NATIONAL BUREAU OF ECONOMIC RESEARCH
NATIONAL BUREAU OF ECONOMIC RESEARCH
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Patrick Baylis

Vancouver School of Economics
University of British Columbia
6000 Iona Drive
Vancouver, BC V6T1L4
Canada

E-Mail: EmailAddress: hidden: you can email any NBER-related person as first underscore last at nber dot org
Institutional Affiliation: University of British Columbia

NBER Working Papers and Publications

December 2019Moral Hazard, Wildfires, and the Economic Incidence of Natural Disasters
with Judson Boomhower: w26550
This study measures the degree to which large public expenditures on wildfire protection subsidize development in harm's way. Using administrative firefighting data, we calculate geographically-differentiated implicit subsidies to homeowners throughout the western USA. We first examine how the presence of homes affects firefighting expenditures. These results are used to reconstruct the implied historical cost of protecting each home and to perform an actuarial calculation of expected future protection cost. The expected net present value of this subsidy can exceed 20% of a home's value. It increases with fire risk and decreases surprisingly steeply with development density. A simple model is used to explore effects on expansion of developed areas, density, and private risk-reducing invest...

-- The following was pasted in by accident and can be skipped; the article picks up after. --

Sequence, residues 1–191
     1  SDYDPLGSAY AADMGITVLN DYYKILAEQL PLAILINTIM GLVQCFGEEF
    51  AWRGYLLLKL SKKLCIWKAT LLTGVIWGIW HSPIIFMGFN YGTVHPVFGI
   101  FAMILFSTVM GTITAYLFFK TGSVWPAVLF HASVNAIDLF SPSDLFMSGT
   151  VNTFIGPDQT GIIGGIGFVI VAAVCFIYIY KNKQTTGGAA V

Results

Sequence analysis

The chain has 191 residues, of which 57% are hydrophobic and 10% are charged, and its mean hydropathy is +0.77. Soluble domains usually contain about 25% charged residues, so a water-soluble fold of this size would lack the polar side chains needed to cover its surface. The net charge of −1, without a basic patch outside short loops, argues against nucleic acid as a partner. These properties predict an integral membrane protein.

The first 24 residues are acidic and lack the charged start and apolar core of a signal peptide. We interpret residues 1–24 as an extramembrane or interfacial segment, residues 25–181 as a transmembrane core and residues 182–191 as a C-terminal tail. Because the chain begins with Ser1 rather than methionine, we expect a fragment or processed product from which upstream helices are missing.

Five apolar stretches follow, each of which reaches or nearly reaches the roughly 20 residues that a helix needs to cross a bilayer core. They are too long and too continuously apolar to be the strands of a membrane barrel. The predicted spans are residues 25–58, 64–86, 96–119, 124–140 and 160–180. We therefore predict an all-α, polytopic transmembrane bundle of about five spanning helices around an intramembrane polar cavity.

June 2017Default Effects and Follow-On Behavior: Evidence from an Electricity Pricing Program
with Meredith Fowlie, Catherine Wolfram, C. Anna Spurlock, Annika Todd, Peter Cappers: w23553
We study default effects in the context of a residential electricity pricing program. We implement a large-scale randomized controlled trial in which one treatment group is given the option to opt-in to time-based pricing while another is defaulted into the program but allowed to opt-out. We provide dramatic evidence of a default effect – a significantly higher fraction of households defaulted onto the time-based pricing plan enroll in the program, even though opting out simply involved making a phone call or clicking through to a website. A distinguishing feature of our empirical setting is that we observe follow-on behavior subsequent to the default manipulation. Specifically, we observe customers’ electricity consumption in light of the pricing plan they face. This, in conjunction with ...
 
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